Sunday, July 09, 2006

Mexico 2006:where the air is not so clear

from today's Cursor:

As Andres Manuel Lopez Obrador vows to challenge the official election results and his supporters demand a full recount "vote by vote, ballot box by ballot box," Felipe Calderon, the proclaimed winner of the Mexican elections, insists in an interview with the Financial Times that "the box must not be opened."

Eugene Robinson sees evidence that Lopez Obrador has "studied the playbook from the Florida debacle in 2000," Greg Palast remarks on some familiar discrepancies in the official tallies before booking a flight to Mexico City, and it's reported that bloggers and 'math geeks' are analyzing data for evidence of fraud.

from Saturday's Salon:

"Mexico 2006: Florida all over again?" Members of Mexico's losing leftist party are invoking America's recent electoral scandals to convince the world that last Sunday's presidential election was fixed. by Eliza Barclay

Although I note that Calderon, the presumptive winner, is generally regarded as the establishment candidate, I don't pretend to have any idea who won the Mexican presidential election. But I do know that the democrats owe it to themselves to talk about it in reference to US elections, insofar as election results can often yield questionable results, and Kerry's go-along-to-get-along silence complicity in the fall of 2004 only served to reinforce Americans' perceptions that Florida 2000 was a fluke, and (far more importantly)that there is no great need to be concerned about whether or not electronic voting machines here in the US are sufficiently regulated and monitored. Yes, the technical variables are different in the Mexican election-- the issue is not primarily computerized voting machines. It doesn't matter.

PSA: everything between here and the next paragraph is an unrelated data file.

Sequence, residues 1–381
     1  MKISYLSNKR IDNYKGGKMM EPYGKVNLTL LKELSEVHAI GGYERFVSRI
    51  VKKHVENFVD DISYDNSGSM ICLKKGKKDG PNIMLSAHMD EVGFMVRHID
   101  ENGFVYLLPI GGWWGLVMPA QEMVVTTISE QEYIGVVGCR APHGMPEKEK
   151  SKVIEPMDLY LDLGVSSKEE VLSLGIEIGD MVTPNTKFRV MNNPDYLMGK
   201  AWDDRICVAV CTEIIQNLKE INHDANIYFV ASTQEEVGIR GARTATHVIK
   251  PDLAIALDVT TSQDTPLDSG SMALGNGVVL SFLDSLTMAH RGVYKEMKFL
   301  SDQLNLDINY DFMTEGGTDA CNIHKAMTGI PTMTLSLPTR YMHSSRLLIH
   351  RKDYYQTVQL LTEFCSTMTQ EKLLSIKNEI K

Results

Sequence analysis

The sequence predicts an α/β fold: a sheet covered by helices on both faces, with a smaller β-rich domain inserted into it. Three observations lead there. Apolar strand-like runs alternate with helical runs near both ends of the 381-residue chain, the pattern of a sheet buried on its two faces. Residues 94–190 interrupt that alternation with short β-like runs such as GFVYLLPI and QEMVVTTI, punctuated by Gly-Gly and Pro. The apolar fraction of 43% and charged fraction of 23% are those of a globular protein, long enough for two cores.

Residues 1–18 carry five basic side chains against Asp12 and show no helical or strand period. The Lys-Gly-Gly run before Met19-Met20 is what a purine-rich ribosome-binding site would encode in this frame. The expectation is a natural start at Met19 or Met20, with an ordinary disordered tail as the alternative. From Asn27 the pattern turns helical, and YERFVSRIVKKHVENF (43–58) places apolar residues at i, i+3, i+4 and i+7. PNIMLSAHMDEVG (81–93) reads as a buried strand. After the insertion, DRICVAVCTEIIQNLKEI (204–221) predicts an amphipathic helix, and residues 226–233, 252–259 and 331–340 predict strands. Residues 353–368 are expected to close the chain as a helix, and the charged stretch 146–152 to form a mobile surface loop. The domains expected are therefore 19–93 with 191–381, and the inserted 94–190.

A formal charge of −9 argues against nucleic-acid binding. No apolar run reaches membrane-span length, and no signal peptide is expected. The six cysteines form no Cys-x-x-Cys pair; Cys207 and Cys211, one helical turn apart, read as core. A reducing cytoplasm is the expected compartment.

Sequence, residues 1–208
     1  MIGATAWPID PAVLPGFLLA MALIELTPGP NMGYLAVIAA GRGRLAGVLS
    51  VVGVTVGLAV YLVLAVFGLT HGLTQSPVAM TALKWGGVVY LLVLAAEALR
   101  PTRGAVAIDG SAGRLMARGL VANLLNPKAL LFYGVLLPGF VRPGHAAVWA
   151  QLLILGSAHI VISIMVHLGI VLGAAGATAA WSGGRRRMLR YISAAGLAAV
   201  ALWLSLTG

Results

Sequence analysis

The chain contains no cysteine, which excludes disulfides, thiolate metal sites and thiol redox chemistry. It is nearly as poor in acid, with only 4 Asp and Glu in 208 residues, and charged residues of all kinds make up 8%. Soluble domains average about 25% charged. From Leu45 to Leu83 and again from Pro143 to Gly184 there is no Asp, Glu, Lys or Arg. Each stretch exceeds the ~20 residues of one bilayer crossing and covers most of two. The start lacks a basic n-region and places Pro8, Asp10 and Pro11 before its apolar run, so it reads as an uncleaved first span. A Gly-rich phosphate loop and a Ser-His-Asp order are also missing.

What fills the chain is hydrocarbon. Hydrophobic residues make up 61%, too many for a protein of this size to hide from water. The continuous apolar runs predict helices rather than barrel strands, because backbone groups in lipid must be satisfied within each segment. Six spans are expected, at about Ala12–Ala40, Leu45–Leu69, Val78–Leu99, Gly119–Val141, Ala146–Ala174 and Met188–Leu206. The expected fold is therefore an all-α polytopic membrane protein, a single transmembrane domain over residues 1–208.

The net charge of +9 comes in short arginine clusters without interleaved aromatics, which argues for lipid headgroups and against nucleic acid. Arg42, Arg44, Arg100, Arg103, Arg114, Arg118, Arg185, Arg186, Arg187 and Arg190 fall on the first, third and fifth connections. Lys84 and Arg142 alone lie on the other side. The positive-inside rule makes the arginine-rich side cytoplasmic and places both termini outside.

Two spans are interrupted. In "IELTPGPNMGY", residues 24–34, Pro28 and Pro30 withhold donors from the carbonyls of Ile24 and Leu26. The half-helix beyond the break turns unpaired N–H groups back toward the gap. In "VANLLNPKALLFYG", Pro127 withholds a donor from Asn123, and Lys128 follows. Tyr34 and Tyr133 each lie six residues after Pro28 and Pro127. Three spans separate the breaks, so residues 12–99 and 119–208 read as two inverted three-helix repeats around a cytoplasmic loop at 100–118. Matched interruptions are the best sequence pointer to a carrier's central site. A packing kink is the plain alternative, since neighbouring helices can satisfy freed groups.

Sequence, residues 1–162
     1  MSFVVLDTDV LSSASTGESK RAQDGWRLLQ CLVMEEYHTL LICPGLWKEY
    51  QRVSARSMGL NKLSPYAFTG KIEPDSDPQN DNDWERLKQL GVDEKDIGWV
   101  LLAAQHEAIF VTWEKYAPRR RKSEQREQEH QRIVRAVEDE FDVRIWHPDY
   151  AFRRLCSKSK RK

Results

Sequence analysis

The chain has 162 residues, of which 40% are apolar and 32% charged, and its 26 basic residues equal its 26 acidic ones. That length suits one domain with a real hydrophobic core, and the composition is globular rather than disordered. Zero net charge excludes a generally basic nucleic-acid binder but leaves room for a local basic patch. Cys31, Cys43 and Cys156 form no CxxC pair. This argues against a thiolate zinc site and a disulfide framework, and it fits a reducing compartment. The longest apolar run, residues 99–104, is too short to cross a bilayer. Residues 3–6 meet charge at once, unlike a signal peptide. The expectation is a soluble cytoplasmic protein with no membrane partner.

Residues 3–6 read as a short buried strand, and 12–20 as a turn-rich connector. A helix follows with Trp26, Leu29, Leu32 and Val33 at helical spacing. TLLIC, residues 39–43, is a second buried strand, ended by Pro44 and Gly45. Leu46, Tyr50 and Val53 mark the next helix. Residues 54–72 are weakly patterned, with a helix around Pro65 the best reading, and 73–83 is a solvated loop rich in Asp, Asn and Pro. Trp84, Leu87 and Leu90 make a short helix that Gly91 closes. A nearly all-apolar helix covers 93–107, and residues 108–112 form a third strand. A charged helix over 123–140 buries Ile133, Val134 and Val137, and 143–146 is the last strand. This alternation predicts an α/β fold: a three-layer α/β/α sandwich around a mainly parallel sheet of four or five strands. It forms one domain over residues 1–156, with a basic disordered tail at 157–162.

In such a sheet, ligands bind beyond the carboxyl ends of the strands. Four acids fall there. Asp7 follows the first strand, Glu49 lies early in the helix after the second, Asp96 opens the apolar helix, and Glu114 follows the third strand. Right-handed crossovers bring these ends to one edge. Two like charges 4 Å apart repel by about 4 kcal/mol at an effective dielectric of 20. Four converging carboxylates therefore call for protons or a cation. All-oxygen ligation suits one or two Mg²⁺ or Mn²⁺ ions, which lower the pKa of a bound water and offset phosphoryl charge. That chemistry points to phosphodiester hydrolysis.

One (or more) of the big name democrats needs to start making some noise about it, as there is no reason to believe that any congressional GOP pols will do so. The moment someone like Hillary Clinton or Joe Biden starts to talk about it apropo of the Mexican election, the US national press will swing into high gear to point out how the situation is different in Mexico, and they'll still procede to knock Obrador, as if they're Pavlov's beltway dogs, hearing a secret whistle only they can hear. (And if they use the same rhetorical tropes in 2008 to knock domestic high tech voting malfeasance, it will only serve to underscore the hostility and insularity of the national press, if they subsequently get called on it.)

On the other hand, if the democratic presidential candidate in November of '08 is a marquee dem(like, say, Hillary) and she says nothing about the issue in 2006 or 2007, then loses by a hair in 11/08 and then starts griping, large numbers of people will just say it's sour grapes and, in that context, understandably so.